The United Nations said Sunday that it is committed to providing humanitarian relief to those in need in Afghanistan. Photo by Hassan Majeed/UPI | License Photo
Sept. 6 (UPI) -- As a worsening humanitarian crisis looms over Afghanistan, the United Nations said the ruling Taliban have pledged aid workers free movement within the country to deliver food and medical goods to those in need.
Stephane Dujarric, the spokesman for U.N. Secretary-General Antonio Guterres, said in a statement that Martin Griffiths, the U.N.'s under-secretary-general for Humanitarian Affairs, met Sunday with Taliban leadership in Kabul where he reiterated the humanitarian community's commitment to deliver "impartial and independent humanitarian assistance and protection."
In return, the Taliban pledged the safety and security of humanitarian staff and access to those in need, Dujarric said.
Suhail Shaheen, a Taliban spokesman, confirmed the meeting between Griffiths and Mullah Baradar, the head of the militant organization, stating the U.N. delegation promised continued humanitarian assistance.
Griffiths, Shaheen tweeted, also said he would "call for further assistance to Afghanistan during the coming meeting of donor countries."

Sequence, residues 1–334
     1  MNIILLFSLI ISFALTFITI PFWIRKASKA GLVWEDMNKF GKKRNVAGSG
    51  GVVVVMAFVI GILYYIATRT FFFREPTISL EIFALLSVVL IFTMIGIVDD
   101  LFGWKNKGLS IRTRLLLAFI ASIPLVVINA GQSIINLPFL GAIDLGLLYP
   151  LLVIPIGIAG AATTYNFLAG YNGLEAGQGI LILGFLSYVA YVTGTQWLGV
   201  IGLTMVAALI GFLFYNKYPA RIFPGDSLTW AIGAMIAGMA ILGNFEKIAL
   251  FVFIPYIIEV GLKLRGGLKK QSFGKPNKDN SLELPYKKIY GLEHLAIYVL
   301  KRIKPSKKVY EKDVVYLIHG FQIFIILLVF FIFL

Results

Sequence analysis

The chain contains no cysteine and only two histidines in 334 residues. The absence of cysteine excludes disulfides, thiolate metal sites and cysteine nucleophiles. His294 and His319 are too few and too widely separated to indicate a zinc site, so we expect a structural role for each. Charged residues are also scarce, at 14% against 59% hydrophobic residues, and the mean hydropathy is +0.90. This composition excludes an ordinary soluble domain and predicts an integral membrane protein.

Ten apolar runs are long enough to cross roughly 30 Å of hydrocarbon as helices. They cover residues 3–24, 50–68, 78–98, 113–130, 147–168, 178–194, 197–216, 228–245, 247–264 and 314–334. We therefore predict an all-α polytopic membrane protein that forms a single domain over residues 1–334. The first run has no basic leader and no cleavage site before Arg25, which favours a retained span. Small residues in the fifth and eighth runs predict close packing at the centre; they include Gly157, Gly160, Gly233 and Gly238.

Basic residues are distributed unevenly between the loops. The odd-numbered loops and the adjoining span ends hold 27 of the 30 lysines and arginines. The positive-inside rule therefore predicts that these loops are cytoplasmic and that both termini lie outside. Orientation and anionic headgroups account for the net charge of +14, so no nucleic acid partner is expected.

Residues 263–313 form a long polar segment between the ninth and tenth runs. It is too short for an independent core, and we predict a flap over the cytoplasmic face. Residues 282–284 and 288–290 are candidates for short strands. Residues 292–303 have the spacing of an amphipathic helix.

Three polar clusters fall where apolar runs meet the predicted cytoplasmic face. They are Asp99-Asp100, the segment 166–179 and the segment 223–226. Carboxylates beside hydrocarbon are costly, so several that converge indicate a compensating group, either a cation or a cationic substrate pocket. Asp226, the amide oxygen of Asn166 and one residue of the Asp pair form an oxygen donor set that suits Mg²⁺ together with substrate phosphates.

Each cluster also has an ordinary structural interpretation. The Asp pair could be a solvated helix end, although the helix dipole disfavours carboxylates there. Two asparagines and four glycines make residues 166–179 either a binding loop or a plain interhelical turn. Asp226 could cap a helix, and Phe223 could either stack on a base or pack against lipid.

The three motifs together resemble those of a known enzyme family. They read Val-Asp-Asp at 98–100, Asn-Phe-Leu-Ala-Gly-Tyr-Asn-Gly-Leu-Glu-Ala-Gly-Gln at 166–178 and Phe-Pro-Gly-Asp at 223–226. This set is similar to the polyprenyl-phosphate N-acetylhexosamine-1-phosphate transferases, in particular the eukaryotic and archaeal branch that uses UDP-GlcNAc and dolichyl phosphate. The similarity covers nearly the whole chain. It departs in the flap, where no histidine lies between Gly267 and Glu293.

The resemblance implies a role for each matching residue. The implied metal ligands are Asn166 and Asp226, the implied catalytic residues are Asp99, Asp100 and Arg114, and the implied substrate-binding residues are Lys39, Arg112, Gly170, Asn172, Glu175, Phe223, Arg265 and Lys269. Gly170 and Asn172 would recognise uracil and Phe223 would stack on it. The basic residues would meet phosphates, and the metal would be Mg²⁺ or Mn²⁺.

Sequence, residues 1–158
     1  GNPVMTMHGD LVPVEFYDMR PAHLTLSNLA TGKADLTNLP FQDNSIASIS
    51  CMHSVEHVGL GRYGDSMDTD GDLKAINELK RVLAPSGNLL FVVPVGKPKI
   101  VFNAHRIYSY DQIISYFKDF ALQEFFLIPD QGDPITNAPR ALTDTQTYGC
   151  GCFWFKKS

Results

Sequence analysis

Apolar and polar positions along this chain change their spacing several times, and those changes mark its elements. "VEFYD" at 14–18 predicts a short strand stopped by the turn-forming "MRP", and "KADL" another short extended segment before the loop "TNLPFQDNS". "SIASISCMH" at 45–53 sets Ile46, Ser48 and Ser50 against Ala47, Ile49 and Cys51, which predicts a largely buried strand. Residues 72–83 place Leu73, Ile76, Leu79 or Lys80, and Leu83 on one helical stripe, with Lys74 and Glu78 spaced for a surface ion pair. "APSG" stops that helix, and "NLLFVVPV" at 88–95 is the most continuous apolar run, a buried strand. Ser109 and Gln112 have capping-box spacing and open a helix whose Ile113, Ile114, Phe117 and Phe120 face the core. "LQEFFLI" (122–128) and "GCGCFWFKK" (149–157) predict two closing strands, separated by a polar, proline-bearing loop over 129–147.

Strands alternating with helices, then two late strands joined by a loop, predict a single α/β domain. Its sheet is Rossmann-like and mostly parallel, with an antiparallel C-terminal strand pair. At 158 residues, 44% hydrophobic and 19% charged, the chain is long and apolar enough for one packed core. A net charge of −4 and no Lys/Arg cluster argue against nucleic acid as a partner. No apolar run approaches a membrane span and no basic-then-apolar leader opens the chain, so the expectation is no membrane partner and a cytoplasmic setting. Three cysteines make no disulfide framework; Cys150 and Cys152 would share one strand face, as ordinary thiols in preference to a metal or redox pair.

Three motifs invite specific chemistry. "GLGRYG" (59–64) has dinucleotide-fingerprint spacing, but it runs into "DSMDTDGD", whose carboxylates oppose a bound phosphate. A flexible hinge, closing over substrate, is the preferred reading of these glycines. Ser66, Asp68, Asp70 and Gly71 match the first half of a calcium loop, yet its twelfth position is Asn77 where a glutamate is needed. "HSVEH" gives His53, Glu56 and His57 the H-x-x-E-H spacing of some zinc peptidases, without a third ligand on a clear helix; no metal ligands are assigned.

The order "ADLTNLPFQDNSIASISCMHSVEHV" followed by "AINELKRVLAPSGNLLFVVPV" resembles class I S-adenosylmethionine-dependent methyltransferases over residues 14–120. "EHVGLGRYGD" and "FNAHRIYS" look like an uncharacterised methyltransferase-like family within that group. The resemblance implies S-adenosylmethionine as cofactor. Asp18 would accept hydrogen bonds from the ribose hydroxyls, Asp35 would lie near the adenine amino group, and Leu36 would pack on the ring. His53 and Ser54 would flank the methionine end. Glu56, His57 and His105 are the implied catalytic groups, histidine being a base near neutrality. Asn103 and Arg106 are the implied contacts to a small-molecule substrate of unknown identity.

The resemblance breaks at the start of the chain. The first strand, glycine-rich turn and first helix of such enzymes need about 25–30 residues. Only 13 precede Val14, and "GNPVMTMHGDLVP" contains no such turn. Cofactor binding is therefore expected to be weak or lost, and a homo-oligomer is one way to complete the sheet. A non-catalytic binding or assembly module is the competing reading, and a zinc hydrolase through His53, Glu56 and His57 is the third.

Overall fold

The Taliban delegation "thanked the U.N. delegation, assuring them of cooperation and provision of needed facilities," Shaheen said.
Late last week, Ramiz Alakbarov, the U.N.'s deputy special representative and humanitarian coordinator in Afghanistan, told reporters the World Food Program in the country could be out of food by the end of this month, and that funds are needed to replenish their stock.
"It is extremely important that we prevent Afghanistan from descending farther into a humanitarian catastrophe," he said.
The already dire humanitarian situation in the country deepened mid-August when the Taliban seized control of Afghanistan amid the U.S. military withdrawal from the country.
Humanitarian workers have said that prior to the Taliban takeover, some 18 million people, or about half the country's population, were in need of humanitarian assistance with more than one-third not knowing where their next meal will come from.
Alakbarov said they require at least $200 million just to cover food to ensure the most vulnerable will get enough to eat.
The United Nations in January already made a $1.3 billion request, of which Alakbarov said donor nations have only covered $400 million of.
Guterres early this month called on world leaders to help Afghans as the deepening humanitarian and economic crisis there threatens the collapse of basic services.
Nearly half of all children under the age of five are predicated to become acutely malnourished in the next 12 months, he said.